$15.00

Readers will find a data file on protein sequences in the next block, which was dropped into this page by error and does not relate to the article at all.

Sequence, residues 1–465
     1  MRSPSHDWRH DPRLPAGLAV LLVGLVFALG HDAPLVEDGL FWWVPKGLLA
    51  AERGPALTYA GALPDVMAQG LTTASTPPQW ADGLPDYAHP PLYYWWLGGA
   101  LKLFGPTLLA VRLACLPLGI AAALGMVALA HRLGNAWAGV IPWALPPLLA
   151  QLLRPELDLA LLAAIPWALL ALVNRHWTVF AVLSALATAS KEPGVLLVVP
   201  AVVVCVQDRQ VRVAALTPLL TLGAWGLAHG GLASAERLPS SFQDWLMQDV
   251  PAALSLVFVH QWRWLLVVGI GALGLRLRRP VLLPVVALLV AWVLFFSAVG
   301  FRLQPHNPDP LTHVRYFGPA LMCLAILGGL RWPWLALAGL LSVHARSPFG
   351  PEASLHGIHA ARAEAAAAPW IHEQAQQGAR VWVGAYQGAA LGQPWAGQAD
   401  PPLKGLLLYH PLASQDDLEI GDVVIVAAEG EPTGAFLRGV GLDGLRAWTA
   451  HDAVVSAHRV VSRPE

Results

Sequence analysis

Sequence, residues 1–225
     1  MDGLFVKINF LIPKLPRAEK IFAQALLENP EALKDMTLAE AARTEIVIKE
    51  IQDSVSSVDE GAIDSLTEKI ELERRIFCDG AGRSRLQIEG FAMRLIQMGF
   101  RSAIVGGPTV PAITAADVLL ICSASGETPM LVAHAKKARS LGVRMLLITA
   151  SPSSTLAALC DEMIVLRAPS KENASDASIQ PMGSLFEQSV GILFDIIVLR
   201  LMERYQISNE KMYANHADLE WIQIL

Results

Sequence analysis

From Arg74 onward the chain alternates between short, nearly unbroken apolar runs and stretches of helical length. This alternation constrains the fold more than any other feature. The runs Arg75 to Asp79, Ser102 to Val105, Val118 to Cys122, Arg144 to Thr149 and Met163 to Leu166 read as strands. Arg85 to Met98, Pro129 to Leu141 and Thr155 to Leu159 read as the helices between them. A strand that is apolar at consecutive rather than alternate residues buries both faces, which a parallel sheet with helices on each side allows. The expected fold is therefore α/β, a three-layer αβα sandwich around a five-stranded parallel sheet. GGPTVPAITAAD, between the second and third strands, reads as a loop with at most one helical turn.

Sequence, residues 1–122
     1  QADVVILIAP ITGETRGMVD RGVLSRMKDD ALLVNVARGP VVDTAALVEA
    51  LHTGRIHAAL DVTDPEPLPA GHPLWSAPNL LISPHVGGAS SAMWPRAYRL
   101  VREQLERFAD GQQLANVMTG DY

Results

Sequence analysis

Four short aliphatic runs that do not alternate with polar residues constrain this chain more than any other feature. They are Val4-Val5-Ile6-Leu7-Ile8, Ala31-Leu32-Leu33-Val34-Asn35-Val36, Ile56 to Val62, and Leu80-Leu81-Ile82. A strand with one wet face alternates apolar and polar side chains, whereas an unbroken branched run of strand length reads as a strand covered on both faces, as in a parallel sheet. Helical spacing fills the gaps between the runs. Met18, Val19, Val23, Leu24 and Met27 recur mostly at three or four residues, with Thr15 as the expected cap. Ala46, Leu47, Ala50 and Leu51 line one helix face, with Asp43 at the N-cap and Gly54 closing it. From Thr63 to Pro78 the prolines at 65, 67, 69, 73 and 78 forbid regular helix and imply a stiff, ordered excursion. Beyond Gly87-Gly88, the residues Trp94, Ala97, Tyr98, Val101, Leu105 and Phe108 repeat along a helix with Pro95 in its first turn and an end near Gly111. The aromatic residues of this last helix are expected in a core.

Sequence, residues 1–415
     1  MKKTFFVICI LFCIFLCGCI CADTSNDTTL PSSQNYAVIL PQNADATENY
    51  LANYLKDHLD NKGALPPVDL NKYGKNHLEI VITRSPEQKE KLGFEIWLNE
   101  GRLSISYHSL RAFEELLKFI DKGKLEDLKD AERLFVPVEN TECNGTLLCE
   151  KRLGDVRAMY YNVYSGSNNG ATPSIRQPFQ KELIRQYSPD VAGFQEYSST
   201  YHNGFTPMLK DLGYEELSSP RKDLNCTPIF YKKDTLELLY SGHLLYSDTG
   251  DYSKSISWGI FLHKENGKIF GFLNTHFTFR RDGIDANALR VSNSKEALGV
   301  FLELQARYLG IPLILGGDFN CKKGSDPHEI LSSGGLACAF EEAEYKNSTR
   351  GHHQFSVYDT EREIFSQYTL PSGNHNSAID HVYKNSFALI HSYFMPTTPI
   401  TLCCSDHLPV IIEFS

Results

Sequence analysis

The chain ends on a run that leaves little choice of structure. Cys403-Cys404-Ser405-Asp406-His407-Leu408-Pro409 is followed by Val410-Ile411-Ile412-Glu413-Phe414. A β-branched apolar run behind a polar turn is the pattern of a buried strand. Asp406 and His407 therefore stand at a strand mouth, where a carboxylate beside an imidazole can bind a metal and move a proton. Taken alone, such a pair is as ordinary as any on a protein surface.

• "It's not every day I get my hands on such an amazing slab of Power Metal goodness. So when that happens, the albums tends to make a special impact, and what an impact the band's second album makes, and almost instantly (more on that later). This is my first exposure from this band, and I will revisit their debut soon. From what I understand, this album features new female singer Noora Louhimo, in replacement of the Nitte Vänskä.The album starts with the best song on the album, and after 10-15 seconds you know from the guitar melody, that you will love this album, even before Noora starts singing. While the bombastic guitar powered intro to this song is ultra catchy its also recognizable, I couldn't say exactly if it reminds me of Sonata Arctica or Thunderstone, but I get the feeling I know these notes from another band, nevertheless after the intro the song starts rather calmly to arrive to the mind-blowing chorus, and the song name Let It Roar, makes perfect sense as Noora truly ROARS that chorus like a lion, in a voice that reminds me of AC/DC, U.D.O. (or Accept when Udo was still the front man) and W.A.S.P. all at once ! The screams/roars are executed to perfection (to tell you the truth on this song they are the best I've ever heard, period !) and still send shivers down my spine even if I must have listened to this song at least 100 times by now. Upon my first listen I wondered how the band could do ANYTHING after that song that would make any sort of impact. Sure Let it Roar is the best song of the album, heck it's the best song of 2013 so far, and an instant entry into my (virtual) list of all-times best song. But the thing is the album is full of surprises and even if no other song tops it, they are all of such high quality, masterfully crafted Power Metal with powerful riffing, great soloing, and absolutely amazing vocals that my initial fear quickly vanished in the course of my first listen.The production is crystal clear, powerful and definitely on par with the best of them. Vocals need to be underlined, the range of voices and abilities Noora brings to the table makes it that no other song feels the same, and there is little repetition throughout. One could say Battle Beast suffers the same formulaic similarities with bands like Powerwolf or Sabaton, but I find they are actually more able to tackle a wider variety of songs, even one that seems simple at first, then grows over time (and repeats), with a variety and mastery at every level (vocals, guitars, keys & rhythm section) that the album feels near perfect.My favorite songs, if I must choose (as it's not that easy), would be Let it Roar, Out of Control, Neuromancer (reminds me of Nightwish), Raven, Machine Revolution, Kingdom, Black Ninja & Rain Man. But it's important to note that the entire album is extremely solid, and never do I feel the need to hit the next button. Even the little instrumental track Golden Age is a great little interlude to calm things down in the middle of the album, only to take back things where they were left off... The bonus track Shutdown is also a great song, maybe not as good as those mentioned as my favorites, but better than some others on the album.I cannot underline how strong this power metal album (and band) is, there's no question in my mind that this will be on my surprise of the year list, and baring another bigger surprise, I see it on the top spot. The passion with which the bands plays and mixes all styles of heavy and power metal alike makes it a great all-rounded, highly addictive and catchy as well as perfectly finished (up to the excellent artwork) product ! If you like bands like Sonata Arctica, Nightwish, Sabaton or Powerwolf but also the Heavy metal classics like AC/DC & Accept, then you have to listen to Battle Beast (immediately I must add) : power metal at its best ! My favorite album this year (with Pretty Maids & Stratovarius) and a band which career I will definitely keep a close eye on. If Power Metal is your game, then Battle Beast is the name, period!" - Metal Reviews